How Nail Salons Are Reacting to the New UV Gel Manicure Skin Cancer Warning

Earlier this week the Skin Cancer Foundation issued a statement about the safety of UV gel manicures. Essentially they said the procedure--which involves sticking your hands under a UV light to set the polish--has a low, yet "not insignificant" risk for skin cancer, and recommended applying sunscreen before you get one of these manis. Up until this point, there had been inconclusive safety evidence for the procedure, but now that an official medical organization has weighed in, how (if at all) is the nail industry going to change its practices?
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Earlier this week the Skin Cancer Foundation issued a statement about the safety of UV gel manicures. Essentially they said the procedure--which involves sticking your hands under a UV light to set the polish--has a low, yet "not insignificant" risk for skin cancer, and recommended applying sunscreen before you get one of these manis. Up until this point, there had been inconclusive safety evidence for the procedure, but now that an official medical organization has weighed in, how (if at all) is the nail industry going to change its practices?
Photo: iStock

Photo: iStock

Earlier this week the Skin Cancer Foundation issued a statement about the safety of UV gel manicures. Essentially they said the procedure--which involves sticking your hands under a UV light to set the polish--has a low, yet "not insignificant" risk for skin cancer, and recommended applying sunscreen before you get one of these manis. Up until this point, there had been inconclusive safety evidence for the procedure, but now that an official medical organization has weighed in, how (if at all) is the nail industry going to change its practices?

"Personally, I don’t think we’ll see an increase [in the number of] women applying sunscreen on their hands before putting them in the UV lights. Smart salons will likely offer sunscreen to clients who are concerned, but we don’t feel like it’s a necessity," Hannah Lee, the associate publisher and editor of Nails Magazine, an industry publication, told us. "From what I’ve seen on social media and what I’ve heard from talking to industry sources, salon owners and nail technicians are upset that the mainstream media keeps picking up this negative story that is aimed at scaring salon clients away from gel services without presenting all the facts."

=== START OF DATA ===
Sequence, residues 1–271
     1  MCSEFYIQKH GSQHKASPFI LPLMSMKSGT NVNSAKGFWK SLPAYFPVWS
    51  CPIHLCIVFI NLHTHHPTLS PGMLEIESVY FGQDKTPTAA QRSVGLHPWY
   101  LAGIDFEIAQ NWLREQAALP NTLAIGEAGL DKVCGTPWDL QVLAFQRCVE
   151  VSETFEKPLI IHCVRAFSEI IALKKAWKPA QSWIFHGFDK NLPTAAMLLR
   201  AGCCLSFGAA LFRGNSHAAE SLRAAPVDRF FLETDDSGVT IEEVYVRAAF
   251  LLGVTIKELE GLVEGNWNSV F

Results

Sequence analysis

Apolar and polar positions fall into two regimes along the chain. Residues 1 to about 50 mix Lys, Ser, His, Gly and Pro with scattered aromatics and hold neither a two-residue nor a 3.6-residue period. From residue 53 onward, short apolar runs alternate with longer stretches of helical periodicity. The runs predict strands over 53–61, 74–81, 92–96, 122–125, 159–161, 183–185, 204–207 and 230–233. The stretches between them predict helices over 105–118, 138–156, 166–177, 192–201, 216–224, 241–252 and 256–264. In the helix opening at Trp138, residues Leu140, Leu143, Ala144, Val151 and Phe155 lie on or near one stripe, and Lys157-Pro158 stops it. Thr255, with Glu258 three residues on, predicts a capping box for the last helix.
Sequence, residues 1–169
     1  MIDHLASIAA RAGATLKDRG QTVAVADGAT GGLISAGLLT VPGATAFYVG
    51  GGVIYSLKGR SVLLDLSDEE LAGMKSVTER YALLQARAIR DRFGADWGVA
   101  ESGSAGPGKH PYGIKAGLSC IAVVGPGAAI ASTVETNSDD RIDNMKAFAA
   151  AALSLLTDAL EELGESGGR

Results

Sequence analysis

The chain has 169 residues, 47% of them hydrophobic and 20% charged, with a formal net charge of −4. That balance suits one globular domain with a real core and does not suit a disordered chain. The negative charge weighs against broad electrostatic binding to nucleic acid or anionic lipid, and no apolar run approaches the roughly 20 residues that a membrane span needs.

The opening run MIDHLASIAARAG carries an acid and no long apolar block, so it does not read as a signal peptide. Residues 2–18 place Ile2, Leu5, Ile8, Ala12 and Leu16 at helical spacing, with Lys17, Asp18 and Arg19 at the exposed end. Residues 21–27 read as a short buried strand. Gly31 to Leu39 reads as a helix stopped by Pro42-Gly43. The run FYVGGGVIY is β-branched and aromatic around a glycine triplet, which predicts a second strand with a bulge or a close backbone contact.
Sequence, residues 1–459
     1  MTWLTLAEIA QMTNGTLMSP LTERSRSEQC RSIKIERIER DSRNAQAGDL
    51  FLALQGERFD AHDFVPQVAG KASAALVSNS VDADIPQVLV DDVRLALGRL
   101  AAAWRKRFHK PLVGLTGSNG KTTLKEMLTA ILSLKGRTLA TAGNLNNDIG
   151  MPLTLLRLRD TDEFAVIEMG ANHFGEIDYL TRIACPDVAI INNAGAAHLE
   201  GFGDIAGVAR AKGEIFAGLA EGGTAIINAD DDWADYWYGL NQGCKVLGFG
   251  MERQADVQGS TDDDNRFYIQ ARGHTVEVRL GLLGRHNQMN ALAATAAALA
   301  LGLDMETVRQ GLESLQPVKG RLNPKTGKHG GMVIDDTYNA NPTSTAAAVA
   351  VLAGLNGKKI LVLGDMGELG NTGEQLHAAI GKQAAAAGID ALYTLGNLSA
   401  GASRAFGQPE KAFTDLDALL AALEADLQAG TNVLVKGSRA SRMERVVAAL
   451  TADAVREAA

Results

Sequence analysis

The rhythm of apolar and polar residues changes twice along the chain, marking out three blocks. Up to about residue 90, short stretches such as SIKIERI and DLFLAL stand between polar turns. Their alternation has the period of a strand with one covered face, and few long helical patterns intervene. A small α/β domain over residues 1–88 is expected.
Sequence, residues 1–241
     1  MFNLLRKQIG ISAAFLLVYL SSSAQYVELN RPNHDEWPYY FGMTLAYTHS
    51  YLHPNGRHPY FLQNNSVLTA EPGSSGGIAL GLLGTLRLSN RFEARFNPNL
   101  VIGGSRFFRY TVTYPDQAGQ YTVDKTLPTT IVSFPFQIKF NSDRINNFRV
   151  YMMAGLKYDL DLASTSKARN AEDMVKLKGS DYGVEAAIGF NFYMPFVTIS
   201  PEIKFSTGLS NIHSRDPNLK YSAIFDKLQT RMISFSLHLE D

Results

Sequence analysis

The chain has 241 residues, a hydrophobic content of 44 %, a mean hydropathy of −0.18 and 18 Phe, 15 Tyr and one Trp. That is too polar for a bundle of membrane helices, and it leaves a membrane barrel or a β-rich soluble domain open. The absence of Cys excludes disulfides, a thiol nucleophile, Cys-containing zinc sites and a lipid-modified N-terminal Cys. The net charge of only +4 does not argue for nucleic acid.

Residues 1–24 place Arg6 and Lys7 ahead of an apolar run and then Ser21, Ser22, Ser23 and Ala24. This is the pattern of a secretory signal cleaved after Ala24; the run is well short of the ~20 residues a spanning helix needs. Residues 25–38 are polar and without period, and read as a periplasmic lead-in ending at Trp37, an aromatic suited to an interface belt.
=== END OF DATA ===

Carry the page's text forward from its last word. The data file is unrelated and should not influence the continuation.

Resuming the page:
To be fair, the chance of getting skin cancer from a UV gel polish is really low compared to say, tanning beds. A scientific medical study presented in December 2012 confirmed this. But since there is still a small risk, the Skin Cancer Foundation undoubtedly felt that they should make a statement about it.

Last weekend I walked into my local nail salon for a regular mani and asked the manager if she had heard about the new recommendation and if they were going to start offering sunscreen to clients. The question was met with a blank stare--the information obviously hasn't reached the local salons yet. Paul Frisco, a manager at Avanda Aveda Spa in NYC (where they offer CND Shellac manicures), told me that he hadn't heard about the recommendations from the Skin Cancer Foundation either, and that no client had brought it up so far. But he said they would definitely discuss the issue with staff. Runway nail maven and salon owner Jin Soon Choi is being more proactive, though. “I think it is a fantastic idea for salons to use sunscreen before treatments," she told us. "As a matter of fact, I've just started using it in my salons, since we provide Shellac manicures."

To clarify, not all gel manicures fall under the warning umbrella. CND Shellac and OPI's Axxium gel polish are first-generation gel polishes and will only "cure" under UV light. Newer brands like Gelish and OPI's GelColor use LED lamps rather than the UV lamps that older gel polishes require. The advantage of LED--as several salon owners told us--besides having no skin cancer risk, is that it will cure nails in 30 seconds compared to two minutes for UV formulas.

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But CND's Shellac is in a ton of salons, and salon owners have obviously invested a lot in the UV equipment. When asked if it would change its policies or recommendations at all in light of the Skin Cancer Foundation's recommendation, a CND rep sent us the following statement:

Just as one should regularly apply sunscreen to the face, CND recommends doing the same on hands every day. CND's commitment to the consumer is to provide the best products for healthy, beautiful nails. All CND products, including CND Shellac, have been thoroughly researched and tested for safety through proper application and removal. We will continue to work internally and with third parties to ensure that correct and accurate information is available to media and consumers.

Many nail salons, like the cult-favorite Valley Nails (a salon recognized as a pioneer in gel nail design) and higher-end Lali Lali in NYC, are using only LED formulas now. And all the new at-home gel nail systems--like Sally Hansen and Red Carpet Manicure--use LED lights. If the warnings about skin cancer risk continue to gain traction, the industry may start fazing out UV lamps altogether, since an arguably better--and safer--option already exists.

So basically, don't panic--it doesn't seem like the nail industry is! Wear your sunscreen, choose an LED service, or just stick to plain old manicures.